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León (Municipality, Castilla y León, Spain)

Last modified: 2014-12-29 by ivan sache
Keywords: león | león |
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Flag of León
Left, as currently used - Image by "Jgaray" (Wikimedia Commons), 5 June 2011
Right, as reported in 1999 - Image by Antonio Gutiérrez (VexiLeón website), 15 July 1999

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Presentation of León

The municipality of León (134,012 inhabitants in 2010, therefore the 4th most populous municipality in Castilla y León; 3,903 ha; municipal website) is the capital of León Province. The municipality is made of the town of León and of the neighboring villages of Oteruela de la Valdoncina (382 inh.) and Trobajo del Cerecedo (785 inh.).

León originates in a Roman military camp set up in 75 between rivers Bernesga and Torio to house the 7th Legion ("Legion VII Gemina"); the place had already been settled in 15 BC by the 6th Legion ("Legio VI Victrix"). Accordingly, the name of the town, subsequently given to a Kingdom, a Province and a Community, comes from "legion" rather than from "lion".

Abandoned by the 7th Legion in 409, León was Incorporated in 586 to the Visigothic Kingdom by Liuvigild. The town was seized by the Moors in 717. Reconquerred by the Christians, León was destroyed by Abd-ar-Rahman II and resettled by King of Asturias Ordoño I (850-866). Ordoño II (914-924) transferred the capital of his kingdom from Oviedo to León, transforming the "Regnum Asturum" (Kingdom of Asturias) into the Kingdom of León ("Regnum Legionis"). Destroyed again at the end of the 10th century by Al-Mansur, León was reconquerred in 1017 by Alfonso V (999-1028), who revamped the old Roman town walls and issued in 1020 the Fueros de León (León Charter), aka Buenos Fueros (Good Charter), considered as the first municipal laws. In 1035, Fernando I (1037-1065) and his wife Sancha started the building of the St. Isidor Royal Basilica, today the biggest Romanesque monument in Spain; the Royal Pantheon (11th century) is the León Royal necropolis, keeping the tombs of 23 Kings and Queens, 12 Infants, and 4 Counts of León.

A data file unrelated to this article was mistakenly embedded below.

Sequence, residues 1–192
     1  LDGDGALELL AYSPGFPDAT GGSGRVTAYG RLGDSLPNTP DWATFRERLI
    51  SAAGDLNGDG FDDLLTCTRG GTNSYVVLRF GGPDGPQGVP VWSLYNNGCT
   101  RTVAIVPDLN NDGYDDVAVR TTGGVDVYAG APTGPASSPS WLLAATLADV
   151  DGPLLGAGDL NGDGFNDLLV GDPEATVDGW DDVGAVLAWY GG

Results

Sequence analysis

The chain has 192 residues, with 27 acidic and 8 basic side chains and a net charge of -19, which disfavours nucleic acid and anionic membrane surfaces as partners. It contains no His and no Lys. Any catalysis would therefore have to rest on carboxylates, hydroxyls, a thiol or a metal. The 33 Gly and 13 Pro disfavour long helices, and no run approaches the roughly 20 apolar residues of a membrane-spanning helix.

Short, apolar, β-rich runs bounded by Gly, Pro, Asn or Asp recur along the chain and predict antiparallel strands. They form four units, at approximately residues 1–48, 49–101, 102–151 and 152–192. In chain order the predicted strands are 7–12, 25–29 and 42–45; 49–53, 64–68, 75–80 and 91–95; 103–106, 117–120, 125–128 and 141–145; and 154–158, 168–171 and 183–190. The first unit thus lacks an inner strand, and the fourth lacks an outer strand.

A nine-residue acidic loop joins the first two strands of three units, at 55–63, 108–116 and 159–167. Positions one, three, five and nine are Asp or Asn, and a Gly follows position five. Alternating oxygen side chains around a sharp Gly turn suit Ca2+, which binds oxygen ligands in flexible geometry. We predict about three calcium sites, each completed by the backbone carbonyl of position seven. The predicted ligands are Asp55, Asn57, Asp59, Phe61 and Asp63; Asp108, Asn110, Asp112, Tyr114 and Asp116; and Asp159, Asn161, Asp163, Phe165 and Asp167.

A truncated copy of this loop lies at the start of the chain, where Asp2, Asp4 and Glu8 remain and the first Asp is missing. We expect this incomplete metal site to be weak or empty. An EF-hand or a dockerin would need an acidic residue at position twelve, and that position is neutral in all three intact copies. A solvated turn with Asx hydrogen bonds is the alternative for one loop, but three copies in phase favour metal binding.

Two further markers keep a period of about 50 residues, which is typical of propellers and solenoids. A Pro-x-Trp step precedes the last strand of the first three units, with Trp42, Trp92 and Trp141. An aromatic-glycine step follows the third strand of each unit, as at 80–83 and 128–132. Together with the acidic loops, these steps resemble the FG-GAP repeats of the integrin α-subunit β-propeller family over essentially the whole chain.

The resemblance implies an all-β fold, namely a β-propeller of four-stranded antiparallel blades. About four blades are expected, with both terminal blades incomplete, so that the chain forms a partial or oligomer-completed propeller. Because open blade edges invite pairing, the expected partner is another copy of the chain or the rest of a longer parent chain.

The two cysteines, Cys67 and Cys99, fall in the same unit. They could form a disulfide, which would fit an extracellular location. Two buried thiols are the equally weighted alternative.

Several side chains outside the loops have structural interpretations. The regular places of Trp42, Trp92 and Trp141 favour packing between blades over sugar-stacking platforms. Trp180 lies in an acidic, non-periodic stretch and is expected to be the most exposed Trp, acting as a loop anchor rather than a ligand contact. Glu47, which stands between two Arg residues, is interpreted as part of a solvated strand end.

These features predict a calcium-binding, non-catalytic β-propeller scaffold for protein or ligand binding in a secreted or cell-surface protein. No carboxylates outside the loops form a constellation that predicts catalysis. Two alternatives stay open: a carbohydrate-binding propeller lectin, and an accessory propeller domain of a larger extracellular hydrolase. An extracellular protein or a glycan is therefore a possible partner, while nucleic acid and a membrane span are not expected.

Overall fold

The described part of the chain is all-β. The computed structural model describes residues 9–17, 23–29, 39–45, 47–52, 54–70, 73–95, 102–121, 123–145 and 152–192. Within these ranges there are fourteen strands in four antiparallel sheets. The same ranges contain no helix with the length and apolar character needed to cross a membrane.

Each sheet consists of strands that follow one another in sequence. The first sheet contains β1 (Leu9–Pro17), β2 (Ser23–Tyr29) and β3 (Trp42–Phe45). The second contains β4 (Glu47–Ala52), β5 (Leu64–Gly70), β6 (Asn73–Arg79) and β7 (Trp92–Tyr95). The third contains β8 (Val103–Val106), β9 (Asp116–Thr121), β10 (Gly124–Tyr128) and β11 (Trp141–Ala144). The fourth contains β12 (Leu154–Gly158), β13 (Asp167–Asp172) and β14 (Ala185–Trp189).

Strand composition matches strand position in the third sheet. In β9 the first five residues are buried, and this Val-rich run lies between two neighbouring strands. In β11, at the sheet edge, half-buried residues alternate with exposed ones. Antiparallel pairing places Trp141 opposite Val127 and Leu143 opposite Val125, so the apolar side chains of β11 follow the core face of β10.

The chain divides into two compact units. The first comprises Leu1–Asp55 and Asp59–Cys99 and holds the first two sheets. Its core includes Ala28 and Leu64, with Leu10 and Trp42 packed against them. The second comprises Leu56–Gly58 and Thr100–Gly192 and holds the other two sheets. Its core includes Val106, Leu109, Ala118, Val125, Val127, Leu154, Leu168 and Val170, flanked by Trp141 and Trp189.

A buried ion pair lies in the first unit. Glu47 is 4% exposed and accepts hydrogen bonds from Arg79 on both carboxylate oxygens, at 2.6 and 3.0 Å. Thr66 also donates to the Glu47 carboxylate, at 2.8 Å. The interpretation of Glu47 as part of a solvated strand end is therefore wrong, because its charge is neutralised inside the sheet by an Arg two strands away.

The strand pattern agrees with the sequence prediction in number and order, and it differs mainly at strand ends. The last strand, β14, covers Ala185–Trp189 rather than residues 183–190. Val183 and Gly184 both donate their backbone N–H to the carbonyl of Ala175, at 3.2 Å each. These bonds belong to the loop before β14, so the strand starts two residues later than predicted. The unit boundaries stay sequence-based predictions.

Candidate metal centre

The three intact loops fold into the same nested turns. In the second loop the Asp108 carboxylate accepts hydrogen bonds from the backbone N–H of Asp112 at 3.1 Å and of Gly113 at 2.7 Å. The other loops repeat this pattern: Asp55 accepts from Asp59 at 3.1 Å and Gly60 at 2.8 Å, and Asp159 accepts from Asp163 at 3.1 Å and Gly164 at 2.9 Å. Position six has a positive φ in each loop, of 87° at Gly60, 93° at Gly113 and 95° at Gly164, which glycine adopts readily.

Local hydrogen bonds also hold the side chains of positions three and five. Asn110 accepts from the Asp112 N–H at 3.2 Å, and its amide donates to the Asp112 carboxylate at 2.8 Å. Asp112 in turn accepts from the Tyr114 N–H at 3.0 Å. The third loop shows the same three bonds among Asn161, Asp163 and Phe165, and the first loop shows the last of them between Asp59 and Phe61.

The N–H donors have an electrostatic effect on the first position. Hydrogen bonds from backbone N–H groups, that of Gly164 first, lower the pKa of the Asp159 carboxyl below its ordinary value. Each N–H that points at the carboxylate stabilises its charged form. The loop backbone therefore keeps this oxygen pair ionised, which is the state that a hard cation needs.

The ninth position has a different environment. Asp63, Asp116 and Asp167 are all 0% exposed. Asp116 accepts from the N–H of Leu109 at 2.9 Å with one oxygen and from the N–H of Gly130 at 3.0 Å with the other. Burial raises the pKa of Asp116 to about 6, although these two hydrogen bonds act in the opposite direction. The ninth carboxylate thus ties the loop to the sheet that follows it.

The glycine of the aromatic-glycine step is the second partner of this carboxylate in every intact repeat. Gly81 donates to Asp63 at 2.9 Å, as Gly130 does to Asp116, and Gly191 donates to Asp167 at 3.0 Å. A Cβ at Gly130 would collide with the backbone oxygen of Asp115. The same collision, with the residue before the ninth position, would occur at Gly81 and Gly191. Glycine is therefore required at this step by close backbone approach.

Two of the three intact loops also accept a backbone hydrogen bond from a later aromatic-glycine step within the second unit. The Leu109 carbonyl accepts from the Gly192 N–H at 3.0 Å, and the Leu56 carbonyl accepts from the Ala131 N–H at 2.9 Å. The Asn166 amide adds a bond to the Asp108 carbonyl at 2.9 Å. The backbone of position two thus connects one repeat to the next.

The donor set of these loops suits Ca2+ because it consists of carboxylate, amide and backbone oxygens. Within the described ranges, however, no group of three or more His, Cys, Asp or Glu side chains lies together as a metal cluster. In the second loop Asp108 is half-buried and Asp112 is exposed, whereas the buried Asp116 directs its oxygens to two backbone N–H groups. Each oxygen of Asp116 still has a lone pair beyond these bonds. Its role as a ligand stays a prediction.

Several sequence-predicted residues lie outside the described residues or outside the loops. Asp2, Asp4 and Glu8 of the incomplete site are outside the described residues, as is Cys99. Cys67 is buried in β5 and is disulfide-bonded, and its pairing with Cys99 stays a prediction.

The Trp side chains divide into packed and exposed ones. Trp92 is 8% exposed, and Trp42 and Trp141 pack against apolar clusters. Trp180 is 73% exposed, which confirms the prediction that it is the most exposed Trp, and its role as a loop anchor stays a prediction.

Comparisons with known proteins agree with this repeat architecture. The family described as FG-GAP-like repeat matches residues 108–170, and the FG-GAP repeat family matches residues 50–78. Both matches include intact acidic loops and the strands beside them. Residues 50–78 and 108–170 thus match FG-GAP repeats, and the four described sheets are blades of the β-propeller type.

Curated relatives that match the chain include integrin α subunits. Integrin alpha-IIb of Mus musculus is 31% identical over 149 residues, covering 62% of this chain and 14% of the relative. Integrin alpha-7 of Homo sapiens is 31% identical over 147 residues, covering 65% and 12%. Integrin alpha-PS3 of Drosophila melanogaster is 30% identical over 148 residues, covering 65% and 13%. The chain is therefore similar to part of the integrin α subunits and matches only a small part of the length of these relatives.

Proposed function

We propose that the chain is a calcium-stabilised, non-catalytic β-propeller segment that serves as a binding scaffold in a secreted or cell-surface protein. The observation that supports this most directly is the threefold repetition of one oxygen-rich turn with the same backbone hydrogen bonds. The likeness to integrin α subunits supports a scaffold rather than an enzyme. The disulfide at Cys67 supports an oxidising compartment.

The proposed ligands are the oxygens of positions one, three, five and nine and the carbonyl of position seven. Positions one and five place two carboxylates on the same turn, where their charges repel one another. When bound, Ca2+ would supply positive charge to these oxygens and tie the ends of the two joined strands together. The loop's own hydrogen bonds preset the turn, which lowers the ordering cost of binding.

The town increased in the 12th century due to the popularity of the Way of St. James, with the addition of new boroughs forming the "Burgo Nuevo" (New Town). In 1188, Alfonso IX (1188-1230) gathered in the cloister of the St. Isidor Basilica the Cortes de León (León Parliament), the first of that kind in Europe. Fernando III (1230-1252) ordered the building of the St. Mary Cathedral, to replaced the old Romanesque cathedral, which had itself been built on the site of Ordoño II's palace and of the Roman thermae; the cathedral was achieved in 1302. Some architectural elements of the cathedral have inspired the Catalan architect Gaudí, who built for the León cloth merchants the Casa de Botines in his very specific style.

Ivan Sache, 5 June 2011

Symbols of León

The flag of León (photo, photo, photo) is crimson with the municipal arms in the middle. The flag is very close to the flag of León Province, the main difference being the lambrequins around the shield.
The flag in current use appears to be of a darker shade than reported earlier (1999).

The connection of the flag of León with the banners of the old Kingdom of León is not clear.

The origin of the modern flag of León is indeed unknown. The flag is most probably not as old as usually believed. First, the design of flags with a coat of arms in the middle is a late heraldic tradition. Second, the first description of a banner of that design is credited to Waldo Merino in an act dated 18 February 1789, recorded in Libro de Acuerdos Municipales (Record of Municipal Acts); the town's banner is described as crimson with six escutcheons argent with a lion or. In the 19th century, the banner was renewed for each coronation of a new King, with the number of escutcheons varying. The banner kept today in the Mayor's office, the one mentioned by Merino or a slightly later one, is crimson with a shield bearing a lion rampant in the middle and two smaller escutcheons in the point. This banner must have been used in the 19th century to design the modern Leonese flag.

Ivan Sache, 5 June 2011